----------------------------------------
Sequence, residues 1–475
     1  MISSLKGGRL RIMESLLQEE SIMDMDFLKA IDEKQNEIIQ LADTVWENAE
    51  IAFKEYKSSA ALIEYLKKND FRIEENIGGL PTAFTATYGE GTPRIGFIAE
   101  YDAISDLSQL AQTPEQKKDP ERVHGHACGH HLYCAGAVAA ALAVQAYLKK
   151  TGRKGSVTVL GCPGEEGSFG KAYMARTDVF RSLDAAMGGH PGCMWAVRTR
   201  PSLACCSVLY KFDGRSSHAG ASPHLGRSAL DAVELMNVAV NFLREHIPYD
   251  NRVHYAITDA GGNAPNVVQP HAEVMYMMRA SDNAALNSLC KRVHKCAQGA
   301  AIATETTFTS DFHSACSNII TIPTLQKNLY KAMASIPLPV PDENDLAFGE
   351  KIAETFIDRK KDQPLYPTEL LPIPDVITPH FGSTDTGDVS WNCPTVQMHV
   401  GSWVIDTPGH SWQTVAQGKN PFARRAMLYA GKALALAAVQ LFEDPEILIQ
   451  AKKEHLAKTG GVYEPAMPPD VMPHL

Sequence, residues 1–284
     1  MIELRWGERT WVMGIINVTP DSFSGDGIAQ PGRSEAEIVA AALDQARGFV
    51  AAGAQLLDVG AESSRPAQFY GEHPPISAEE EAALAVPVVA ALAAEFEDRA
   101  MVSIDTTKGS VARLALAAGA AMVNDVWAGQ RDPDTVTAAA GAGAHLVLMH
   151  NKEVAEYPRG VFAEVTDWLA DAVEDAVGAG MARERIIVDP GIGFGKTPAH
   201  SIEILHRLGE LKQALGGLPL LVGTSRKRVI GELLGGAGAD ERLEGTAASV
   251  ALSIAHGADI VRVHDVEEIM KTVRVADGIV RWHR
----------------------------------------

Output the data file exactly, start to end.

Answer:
Sequence, residues 1–475
     1  MISSLKGGRL RIMESLLQEE SIMDMDFLKA IDEKQNEIIQ LADTVWENAE
    51  IAFKEYKSSA ALIEYLKKND FRIEENIGGL PTAFTATYGE GTPRIGFIAE
   101  YDAISDLSQL AQTPEQKKDP ERVHGHACGH HLYCAGAVAA ALAVQAYLKK
   151  TGRKGSVTVL GCPGEEGSFG KAYMARTDVF RSLDAAMGGH PGCMWAVRTR
   201  PSLACCSVLY KFDGRSSHAG ASPHLGRSAL DAVELMNVAV NFLREHIPYD
   251  NRVHYAITDA GGNAPNVVQP HAEVMYMMRA SDNAALNSLC KRVHKCAQGA
   301  AIATETTFTS DFHSACSNII TIPTLQKNLY KAMASIPLPV PDENDLAFGE
   351  KIAETFIDRK KDQPLYPTEL LPIPDVITPH FGSTDTGDVS WNCPTVQMHV
   401  GSWVIDTPGH SWQTVAQGKN PFARRAMLYA GKALALAAVQ LFEDPEILIQ
   451  AKKEHLAKTG GVYEPAMPPD VMPHL

Sequence, residues 1–284
     1  MIELRWGERT WVMGIINVTP DSFSGDGIAQ PGRSEAEIVA AALDQARGFV
    51  AAGAQLLDVG AESSRPAQFY GEHPPISAEE EAALAVPVVA ALAAEFEDRA
   101  MVSIDTTKGS VARLALAAGA AMVNDVWAGQ RDPDTVTAAA GAGAHLVLMH
   151  NKEVAEYPRG VFAEVTDWLA DAVEDAVGAG MARERIIVDP GIGFGKTPAH
   201  SIEILHRLGE LKQALGGLPL LVGTSRKRVI GELLGGAGAD ERLEGTAASV
   251  ALSIAHGADI VRVHDVEEIM KTVRVADGIV RWHR